Simon Lynch's photographic profiles on AudioCulture have covered several important eras and scenes, including 70s and 80s rock, but none were more important – or evocative – than his images of parts of the 1980s South Auckland club scene. This was the scene and some of the bands that opened the door to the 1990s and beyond, to the Urban Pacific soul, funk and hip-hop that would play such a big part in defining the sound and look of New Zealand music in the years to come – to Proud, Dawn Raid, the P-Money productions, and so much more.
The sounds that slowly evolved over the decade grew from a more derivative American soul to a totally unique mix of funk, soul, reggae and the Pacific flavours and sounds that many of the participants had grown up with, a mix that would eventually evolve into Urban Pasifika. Part of this page shows South Auckland bands Sidewalk and Ardijah's first sojourns out of the region (the latter with Herbs). Also pictured are several of the key American musicians, the likes of ex-Commodore Ronald La Pread, whose presence lifted the whole scene.
In 2006 Lynch released a compilation of recordings from this period, called Rare Kiwi Soul from the 80s. The words below are from his liner notes.
The Southside Sound
South Auckland during the mid-1980s was an exciting place – live music was flourishing everywhere. The nightclubs were filled every weekend with young – and predominantly Maori and Polynesian – South Auckland factory workers and labourers who would boogie down to the sounds of Ardijah at the Peppermill (downtown Auckland), 42nd Street at Club New York (old Papatoetoe), Sidewalk at Cleopatra’s (Panmure), The Radars at Caspers (Otahuhu), and Horizon at Casablanca (Parnell), to name but a few of the nightspots.
At midnight on every Friday and Saturday the band leader would announce the club floorshow for that particular week, and artists such as the great US soul singer Frank Jade would enthral audiences with dazzling and sophisticated performances.
Ohio-born Frank Jade first toured New Zealand in the late-1970s as part of an impressive lineup of The Platters that also featured Chick Moore and Johnny Owens. Jade had worked extensively in the US and Canada with the likes of The Platters and Little Richard. Returning to New Zealand as a solo artist in the early 1980s, Jade appeared regularly on television and in the South Auckland nightclubs before teaming up in 1987 with ex-Commodore bassist Ronald La Praed in Time Out, the resident band at Auckland’s Candy-O’s nightspot. The Casablanca nightclub in Parnell was home to the excellent house-band Horizon (featuring the brilliant Philipino-born Larry Martinez on keyboards), and with whom Jade would deliver blistering soul-drenched sets on many occasions.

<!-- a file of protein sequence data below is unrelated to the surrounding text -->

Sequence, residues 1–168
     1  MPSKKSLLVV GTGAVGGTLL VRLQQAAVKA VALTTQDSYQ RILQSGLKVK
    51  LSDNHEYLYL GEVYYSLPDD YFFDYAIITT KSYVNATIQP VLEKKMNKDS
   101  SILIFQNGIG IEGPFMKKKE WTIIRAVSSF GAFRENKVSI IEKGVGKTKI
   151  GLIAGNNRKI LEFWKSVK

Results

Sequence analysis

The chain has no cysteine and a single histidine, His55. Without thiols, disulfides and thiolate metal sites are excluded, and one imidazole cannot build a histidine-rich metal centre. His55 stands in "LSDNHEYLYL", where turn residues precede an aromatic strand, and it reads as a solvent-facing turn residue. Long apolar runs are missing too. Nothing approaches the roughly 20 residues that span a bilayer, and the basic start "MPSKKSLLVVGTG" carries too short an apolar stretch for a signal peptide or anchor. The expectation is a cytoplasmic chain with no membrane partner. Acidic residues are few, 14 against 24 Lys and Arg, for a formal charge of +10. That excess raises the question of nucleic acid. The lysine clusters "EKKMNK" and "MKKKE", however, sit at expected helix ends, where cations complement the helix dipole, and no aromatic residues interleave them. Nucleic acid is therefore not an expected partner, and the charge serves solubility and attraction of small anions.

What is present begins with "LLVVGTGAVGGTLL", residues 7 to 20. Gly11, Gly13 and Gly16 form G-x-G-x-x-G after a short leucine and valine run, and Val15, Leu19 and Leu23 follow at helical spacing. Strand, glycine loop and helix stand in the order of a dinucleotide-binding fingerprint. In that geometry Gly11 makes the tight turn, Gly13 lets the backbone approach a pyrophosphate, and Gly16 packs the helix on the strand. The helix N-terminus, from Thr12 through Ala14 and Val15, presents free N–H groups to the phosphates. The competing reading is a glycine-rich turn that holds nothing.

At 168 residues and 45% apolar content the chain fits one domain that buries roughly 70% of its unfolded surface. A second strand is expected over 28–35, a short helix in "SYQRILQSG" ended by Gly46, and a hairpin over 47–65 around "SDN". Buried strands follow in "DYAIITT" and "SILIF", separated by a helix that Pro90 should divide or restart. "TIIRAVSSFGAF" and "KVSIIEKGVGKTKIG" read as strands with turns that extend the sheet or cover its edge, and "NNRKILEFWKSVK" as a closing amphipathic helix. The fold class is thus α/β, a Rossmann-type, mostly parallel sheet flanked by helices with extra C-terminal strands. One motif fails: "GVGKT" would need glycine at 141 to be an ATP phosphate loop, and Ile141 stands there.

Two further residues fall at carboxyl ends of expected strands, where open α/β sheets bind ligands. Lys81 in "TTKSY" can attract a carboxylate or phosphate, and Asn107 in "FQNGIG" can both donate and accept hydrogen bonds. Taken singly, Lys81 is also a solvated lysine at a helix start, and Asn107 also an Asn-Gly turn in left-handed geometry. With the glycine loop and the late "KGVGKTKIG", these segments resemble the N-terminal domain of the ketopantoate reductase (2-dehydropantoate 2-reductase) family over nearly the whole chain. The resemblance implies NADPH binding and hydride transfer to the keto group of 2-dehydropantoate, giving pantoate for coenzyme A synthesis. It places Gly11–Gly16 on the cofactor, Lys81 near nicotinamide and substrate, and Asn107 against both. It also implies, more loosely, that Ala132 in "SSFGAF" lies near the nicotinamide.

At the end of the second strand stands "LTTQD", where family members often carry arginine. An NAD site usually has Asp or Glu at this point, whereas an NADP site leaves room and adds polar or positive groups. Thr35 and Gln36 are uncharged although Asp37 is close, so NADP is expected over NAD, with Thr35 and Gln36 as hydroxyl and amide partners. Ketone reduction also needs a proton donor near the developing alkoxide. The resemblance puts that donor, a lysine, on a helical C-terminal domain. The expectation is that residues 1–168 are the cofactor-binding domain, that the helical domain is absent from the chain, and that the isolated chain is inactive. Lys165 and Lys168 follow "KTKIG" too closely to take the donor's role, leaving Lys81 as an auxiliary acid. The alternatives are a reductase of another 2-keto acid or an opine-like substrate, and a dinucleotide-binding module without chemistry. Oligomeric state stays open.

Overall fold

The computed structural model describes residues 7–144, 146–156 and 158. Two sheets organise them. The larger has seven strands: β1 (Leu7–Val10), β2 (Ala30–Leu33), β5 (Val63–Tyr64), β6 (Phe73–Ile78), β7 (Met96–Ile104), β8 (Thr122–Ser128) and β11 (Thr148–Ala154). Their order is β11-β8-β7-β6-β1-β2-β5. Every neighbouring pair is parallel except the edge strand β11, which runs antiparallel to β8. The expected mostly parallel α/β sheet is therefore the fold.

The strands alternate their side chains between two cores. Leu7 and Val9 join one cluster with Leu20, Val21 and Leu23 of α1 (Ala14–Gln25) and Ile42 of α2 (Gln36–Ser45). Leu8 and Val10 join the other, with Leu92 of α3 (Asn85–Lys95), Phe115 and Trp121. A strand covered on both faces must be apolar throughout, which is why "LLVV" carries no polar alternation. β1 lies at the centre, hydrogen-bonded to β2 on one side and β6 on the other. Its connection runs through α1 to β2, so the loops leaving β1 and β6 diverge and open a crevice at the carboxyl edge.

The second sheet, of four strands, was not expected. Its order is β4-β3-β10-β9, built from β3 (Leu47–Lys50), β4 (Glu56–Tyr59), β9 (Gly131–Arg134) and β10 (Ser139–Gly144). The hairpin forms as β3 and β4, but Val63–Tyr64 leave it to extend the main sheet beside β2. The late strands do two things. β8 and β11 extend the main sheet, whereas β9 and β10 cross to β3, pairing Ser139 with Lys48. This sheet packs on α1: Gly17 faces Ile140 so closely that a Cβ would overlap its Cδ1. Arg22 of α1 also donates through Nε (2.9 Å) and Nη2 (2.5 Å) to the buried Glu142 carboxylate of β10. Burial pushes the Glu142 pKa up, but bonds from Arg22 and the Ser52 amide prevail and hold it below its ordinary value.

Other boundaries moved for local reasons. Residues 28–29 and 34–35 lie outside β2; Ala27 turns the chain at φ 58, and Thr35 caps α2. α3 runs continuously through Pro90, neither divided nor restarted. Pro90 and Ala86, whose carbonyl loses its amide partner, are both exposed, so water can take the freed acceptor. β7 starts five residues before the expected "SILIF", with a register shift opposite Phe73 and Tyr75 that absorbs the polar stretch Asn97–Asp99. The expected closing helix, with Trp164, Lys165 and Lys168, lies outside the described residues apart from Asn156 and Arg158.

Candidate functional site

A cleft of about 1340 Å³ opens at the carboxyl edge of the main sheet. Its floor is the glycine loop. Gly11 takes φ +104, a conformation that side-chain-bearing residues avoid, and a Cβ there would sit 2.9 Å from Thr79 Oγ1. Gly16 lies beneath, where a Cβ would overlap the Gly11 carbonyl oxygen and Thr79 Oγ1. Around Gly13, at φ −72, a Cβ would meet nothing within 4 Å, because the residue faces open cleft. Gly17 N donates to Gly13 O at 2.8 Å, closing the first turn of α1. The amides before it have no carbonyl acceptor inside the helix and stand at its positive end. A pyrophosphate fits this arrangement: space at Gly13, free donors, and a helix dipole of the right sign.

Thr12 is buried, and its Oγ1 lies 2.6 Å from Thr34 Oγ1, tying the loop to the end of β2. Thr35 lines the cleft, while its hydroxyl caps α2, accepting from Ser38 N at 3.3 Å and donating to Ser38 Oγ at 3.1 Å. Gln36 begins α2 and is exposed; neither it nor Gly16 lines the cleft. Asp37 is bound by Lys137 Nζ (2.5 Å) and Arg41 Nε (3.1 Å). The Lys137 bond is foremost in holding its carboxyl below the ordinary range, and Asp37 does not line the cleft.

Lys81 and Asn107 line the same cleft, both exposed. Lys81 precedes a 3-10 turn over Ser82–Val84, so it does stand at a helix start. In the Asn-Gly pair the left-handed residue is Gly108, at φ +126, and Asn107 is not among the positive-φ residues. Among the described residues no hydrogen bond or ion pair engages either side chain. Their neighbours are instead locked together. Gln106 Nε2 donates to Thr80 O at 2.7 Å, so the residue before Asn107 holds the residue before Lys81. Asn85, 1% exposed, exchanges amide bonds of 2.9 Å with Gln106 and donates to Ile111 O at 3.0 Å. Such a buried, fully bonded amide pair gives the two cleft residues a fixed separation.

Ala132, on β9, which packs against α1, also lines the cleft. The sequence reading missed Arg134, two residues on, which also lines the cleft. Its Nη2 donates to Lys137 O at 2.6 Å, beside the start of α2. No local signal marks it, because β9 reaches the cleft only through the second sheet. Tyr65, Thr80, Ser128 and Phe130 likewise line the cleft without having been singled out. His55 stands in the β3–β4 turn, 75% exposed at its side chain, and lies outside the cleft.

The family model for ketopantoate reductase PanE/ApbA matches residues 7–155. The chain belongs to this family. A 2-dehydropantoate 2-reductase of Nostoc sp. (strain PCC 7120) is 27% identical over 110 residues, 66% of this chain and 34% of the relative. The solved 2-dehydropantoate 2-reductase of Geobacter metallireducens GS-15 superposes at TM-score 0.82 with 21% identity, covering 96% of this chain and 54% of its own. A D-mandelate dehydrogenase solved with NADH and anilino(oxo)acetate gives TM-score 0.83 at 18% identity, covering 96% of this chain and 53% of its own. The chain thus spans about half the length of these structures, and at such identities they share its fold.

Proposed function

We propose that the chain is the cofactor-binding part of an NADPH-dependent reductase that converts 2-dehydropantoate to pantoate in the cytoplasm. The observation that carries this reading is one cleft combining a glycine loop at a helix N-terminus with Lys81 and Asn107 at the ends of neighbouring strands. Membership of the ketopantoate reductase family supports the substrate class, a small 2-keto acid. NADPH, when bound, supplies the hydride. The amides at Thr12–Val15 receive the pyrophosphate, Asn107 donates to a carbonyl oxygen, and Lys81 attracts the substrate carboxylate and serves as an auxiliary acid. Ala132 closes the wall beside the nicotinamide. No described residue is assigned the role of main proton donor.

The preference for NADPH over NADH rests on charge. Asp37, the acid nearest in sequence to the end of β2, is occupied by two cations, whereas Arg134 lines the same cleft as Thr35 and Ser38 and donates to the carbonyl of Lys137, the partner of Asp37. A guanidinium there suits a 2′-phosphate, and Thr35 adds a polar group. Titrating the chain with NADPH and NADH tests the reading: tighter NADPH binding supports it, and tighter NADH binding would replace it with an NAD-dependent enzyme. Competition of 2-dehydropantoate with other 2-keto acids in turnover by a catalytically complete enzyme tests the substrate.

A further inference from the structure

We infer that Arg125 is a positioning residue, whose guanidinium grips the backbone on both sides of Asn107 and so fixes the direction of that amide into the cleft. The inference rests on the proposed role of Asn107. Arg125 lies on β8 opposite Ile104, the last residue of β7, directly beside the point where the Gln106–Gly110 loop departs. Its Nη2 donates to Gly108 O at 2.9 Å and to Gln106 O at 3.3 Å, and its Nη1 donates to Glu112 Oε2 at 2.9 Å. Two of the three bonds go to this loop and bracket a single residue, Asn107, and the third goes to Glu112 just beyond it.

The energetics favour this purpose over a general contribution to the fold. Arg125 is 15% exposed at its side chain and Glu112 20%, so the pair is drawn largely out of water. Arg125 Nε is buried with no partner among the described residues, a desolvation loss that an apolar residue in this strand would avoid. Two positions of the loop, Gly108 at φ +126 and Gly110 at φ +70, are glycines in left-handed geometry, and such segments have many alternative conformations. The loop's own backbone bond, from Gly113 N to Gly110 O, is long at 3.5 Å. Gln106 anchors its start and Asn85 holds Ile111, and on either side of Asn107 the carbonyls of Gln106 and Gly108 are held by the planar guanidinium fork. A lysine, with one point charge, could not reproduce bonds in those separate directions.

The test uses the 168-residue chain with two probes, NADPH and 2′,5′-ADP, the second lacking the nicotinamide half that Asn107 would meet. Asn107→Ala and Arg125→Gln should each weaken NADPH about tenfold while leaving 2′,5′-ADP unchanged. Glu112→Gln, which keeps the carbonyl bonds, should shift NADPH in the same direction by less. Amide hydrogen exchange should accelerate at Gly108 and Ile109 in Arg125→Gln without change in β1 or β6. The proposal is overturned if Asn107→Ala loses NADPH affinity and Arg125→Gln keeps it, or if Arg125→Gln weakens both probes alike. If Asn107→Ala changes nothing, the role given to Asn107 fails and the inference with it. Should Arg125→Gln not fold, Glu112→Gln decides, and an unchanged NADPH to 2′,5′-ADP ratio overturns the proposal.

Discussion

The Three Ts (Tui, Timu and Tina) were local Samoan church girls who sang soulful harmonies and performed regularly on the South Auckland nightclub floorshow circuit. Their cousin Jay Laga'aia was a member of The Consorts, while a young Annie Crummer, Moana in Aramoana, the Collins Brothers and countless other acts ranging from magicians and hypnotists to cabaret singers would alternate weekly between the various clubs.
At the time, perhaps the premiere venue to perform at was the long-standing Cleopatra’s nightclub in Morrin Road, Panmure. With its circular layout and superb acoustics, it was here in 1985 that a young band called Ardijah – though already veterans of the nightclub scene – began to attract a strong following and soon broke into the national consciousness achieving mainstream success with the p rodigious talents of husband-and-wife team Ryan and Betty-Anne Monga. Niuean singer Tony T had joined Ardijah as vocalist and percussionist in 1985, later emergin as an extraordinary soul singer in his own right. In 1987, along with Maryanne Antunovich and David Latoa , he provided the nucleus of D-Faction, where his effortless falsetto and soulful vocals graced many a successful recording, including those of soulstress label-mate Ngaire.
Meanwhile, across town at Hugh Lynn’s Mascot Studio, the great New Zealand bluesman Sonny Day and his All-Stars recorded a superb version of Springsteen’s ‘Saving Up’ (a New Zealand chart hit in 1985), plus other tracks featuring the likes of female singer Beaver and the magnificent piano-playing of Dragon’s Paul Hewson, shortly before his death.
Towards the end of the decade, with the rise of the inner-city DJ and hip-hop culture, the South Auckland nightclubs and house bands began to rapidly disappear, thus ending a brief but glittering era when live soul and funk music ruled supreme on Auckland dance floors. No longer would Frank Jade welcome a crowd to a midnight set with “Come on, get up, get down, get funky, get loose!”
All images © 2016 Simon Lynch